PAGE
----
A cine-poem. Presents the sights, sounds, beauty, and rhythm of rain as it comes to living things on a farm and to people in the city. Explains that rain is a source of the water which we use, and that it affects plants and other living things as well as people working in the community.
These film clips tell the story of the human experience of living with HIV/AIDS. People with HIV/AIDS, their husbands and wives, their families, their doctors and health workers talk about how HIV/AIDS has affected their lives. These are the personal video stories from Cameroon and Zimbabwe in which people speak out about their hopes and fears, their struggle against pain and abandonment and their fight for greater awareness and understanding. The film challenges stereotypes and calls for a concerted effort to face up to the epidemic.
A documentary of the epic story of the weaving Chigh. Chigh is a kind of texture made from wood and osier that is made in the ilats of the west of Iran and is used for covering around their Siah-chadors (tents).
A story of life and death, featuring Marcel Lozinski’s six-year-old son Tomaszek and elderly people spending time on the benches of a Warsaw park. Riding his scooter, Tomaszek asks the elderly very adult, though basic, questions, which they are happy to answer. The boy’s ideas of future and life are confronted with those of people at the end of their lives.
If one were to select the ten most significant events in American history, there would be no doubt that the death of President John F. Kennedy would be among the list. This is not only because of the fact that one of America’s most visionary presidents was cut down in the prime of his life, but because almost 60 years later after the fact, his assasination continues to be shrouded with mystery and controversy. This documentary presents the facts surrounding the events before, and ather that horrific moment in Dallas, and includes interviews of those who were on the scene not only at the tragic sight of the murder of JFK, but also a number of individuals who possess firsthand knowledge of everything from the politics of the day to the actualy autopsy performed on the president.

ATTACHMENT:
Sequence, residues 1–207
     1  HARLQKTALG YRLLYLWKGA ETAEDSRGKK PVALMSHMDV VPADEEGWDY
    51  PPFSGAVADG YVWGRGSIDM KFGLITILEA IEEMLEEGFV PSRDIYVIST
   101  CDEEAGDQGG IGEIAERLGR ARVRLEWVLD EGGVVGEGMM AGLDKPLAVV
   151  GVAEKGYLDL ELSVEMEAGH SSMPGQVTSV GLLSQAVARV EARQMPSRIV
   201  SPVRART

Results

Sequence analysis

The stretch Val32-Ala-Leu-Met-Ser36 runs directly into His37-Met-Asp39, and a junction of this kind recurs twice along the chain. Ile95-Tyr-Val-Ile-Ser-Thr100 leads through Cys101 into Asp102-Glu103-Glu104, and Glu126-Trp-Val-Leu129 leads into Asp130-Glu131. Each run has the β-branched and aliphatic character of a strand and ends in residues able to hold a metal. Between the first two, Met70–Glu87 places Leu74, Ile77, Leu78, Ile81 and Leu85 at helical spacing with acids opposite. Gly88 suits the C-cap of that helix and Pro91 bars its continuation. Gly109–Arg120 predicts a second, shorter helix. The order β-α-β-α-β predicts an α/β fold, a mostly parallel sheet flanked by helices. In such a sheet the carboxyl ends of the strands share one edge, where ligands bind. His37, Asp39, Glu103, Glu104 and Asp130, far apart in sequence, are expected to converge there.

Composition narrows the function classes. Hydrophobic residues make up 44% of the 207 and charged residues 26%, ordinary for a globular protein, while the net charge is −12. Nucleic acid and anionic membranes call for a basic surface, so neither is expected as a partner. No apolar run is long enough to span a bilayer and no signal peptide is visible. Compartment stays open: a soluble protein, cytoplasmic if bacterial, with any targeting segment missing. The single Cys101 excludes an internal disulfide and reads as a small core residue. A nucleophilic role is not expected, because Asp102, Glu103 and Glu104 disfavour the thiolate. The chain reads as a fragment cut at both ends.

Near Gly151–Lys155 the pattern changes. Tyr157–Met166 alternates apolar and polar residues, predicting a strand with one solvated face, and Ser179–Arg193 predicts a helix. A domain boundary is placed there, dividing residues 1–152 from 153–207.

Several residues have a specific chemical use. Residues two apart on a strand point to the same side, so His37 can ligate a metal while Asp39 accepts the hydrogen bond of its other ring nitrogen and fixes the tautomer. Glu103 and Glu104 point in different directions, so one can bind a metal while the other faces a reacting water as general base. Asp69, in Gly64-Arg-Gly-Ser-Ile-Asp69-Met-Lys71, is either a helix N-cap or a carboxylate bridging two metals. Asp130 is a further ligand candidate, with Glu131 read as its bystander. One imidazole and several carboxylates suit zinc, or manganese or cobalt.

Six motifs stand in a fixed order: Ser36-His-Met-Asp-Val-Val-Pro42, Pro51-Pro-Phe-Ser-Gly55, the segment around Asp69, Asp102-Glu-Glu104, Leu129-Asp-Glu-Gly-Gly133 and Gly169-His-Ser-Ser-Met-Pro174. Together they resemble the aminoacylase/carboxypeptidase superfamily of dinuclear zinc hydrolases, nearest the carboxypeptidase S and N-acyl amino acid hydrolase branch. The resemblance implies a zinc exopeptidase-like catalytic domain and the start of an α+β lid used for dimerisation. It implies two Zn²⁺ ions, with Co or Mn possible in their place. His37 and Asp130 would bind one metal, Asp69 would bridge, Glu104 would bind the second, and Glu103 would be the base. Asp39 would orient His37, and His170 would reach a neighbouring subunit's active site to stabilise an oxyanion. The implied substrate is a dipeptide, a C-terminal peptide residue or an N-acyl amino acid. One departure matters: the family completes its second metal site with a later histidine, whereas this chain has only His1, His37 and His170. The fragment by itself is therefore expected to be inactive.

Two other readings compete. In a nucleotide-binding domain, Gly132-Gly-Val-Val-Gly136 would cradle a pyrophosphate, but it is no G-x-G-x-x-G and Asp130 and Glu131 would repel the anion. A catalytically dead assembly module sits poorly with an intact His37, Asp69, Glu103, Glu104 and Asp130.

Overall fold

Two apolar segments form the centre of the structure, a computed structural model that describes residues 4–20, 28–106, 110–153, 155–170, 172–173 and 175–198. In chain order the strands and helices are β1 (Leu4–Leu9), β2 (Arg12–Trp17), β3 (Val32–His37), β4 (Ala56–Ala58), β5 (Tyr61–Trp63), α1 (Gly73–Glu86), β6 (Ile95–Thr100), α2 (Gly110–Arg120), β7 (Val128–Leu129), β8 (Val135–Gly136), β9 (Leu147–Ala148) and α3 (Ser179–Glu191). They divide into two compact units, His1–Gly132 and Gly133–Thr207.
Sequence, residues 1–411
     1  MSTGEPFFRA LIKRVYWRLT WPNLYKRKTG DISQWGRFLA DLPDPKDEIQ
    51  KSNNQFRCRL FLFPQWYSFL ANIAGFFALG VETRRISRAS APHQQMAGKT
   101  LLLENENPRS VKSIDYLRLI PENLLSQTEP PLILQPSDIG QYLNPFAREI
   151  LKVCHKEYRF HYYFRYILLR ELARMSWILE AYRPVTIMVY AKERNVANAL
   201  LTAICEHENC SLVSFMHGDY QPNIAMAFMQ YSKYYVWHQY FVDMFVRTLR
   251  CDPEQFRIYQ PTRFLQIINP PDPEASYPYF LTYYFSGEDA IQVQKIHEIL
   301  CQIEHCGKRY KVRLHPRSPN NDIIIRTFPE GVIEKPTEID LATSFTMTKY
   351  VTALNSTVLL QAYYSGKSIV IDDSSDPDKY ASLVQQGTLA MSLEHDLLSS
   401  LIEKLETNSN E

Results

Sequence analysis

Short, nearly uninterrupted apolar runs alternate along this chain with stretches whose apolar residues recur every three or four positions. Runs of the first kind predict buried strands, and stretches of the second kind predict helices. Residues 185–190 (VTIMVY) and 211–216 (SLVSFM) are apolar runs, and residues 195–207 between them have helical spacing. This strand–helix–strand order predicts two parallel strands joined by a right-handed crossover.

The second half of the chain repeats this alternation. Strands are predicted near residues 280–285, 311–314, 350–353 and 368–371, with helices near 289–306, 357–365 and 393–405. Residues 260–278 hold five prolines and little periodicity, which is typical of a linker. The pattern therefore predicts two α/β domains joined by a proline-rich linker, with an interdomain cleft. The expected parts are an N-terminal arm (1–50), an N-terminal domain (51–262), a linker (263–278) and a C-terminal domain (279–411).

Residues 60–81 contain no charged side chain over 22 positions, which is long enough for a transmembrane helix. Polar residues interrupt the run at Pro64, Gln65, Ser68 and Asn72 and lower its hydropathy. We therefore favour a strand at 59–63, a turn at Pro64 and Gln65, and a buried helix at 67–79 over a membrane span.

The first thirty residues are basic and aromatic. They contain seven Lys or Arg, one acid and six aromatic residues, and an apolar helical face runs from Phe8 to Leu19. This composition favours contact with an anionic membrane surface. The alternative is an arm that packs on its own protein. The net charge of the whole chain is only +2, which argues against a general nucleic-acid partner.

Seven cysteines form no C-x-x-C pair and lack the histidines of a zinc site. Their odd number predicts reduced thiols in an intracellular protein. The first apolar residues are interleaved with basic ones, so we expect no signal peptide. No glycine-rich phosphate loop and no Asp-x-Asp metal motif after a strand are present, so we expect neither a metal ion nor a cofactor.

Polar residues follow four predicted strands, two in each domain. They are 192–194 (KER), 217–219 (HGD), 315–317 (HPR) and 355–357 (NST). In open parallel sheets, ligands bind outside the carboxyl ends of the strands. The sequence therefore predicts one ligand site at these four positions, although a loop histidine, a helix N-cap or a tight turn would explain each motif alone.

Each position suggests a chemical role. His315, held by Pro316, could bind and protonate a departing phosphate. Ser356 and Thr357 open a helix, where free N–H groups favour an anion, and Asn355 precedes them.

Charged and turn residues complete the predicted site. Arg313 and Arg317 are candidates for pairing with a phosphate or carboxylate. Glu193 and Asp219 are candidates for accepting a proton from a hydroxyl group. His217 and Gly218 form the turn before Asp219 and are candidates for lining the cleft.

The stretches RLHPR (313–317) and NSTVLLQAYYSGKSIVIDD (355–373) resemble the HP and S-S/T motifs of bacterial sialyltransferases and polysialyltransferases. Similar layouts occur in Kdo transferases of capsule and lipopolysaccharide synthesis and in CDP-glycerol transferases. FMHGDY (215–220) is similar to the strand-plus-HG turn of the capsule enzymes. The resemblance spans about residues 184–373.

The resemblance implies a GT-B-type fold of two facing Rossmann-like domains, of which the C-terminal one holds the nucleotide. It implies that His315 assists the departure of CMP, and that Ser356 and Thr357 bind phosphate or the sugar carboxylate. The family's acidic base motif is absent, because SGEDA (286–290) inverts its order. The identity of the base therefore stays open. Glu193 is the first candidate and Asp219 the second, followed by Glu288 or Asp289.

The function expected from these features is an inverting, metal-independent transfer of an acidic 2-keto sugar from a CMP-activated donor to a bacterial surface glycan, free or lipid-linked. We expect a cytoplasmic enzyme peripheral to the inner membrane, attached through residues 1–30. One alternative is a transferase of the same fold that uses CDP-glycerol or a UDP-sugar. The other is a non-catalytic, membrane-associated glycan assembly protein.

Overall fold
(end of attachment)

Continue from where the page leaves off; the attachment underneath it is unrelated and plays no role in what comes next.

MEET MARLON BRANDO is a delightful, unusually candid portrait of the world-famous movie star: A tongue-in-cheek confrontation with the press. While television journalists interview him about his most recent film, Brando counters their futile questions with wit and insight, a man unwilling to sell himself. “It’s a wonderful show,” one woman comments about the new project. “Did you see it?” he asks. “No, I haven’t seen it yet.” “Then how do you know?” Always smiling and never modest, Marlon Brando shines in one of his most revealing performances.
This student film takes a look at the small town of Camden during the 1960s. Much of the town is focused on the locomotive and logging industry created by the W. T. Carter and Brother Lumber Company in 1898. The film revolves around interviews with Camden residents. Former logging employees, a hotel owner, a family, and a pastor all briefly describe their lives and rolls in the old town. By the end of the film, the narrator recounts possible modernization and decreasing poverty in the future with the sale of W. T. Carter and Brother Lumber Company to the United States Plywood Corporation.
Documenting and contrasting children’s youthful beauty with the squalor, hardship and wasted potential of their daily lives; students learning how their counterparts really live and are encouraged to think about what these children need to thrive.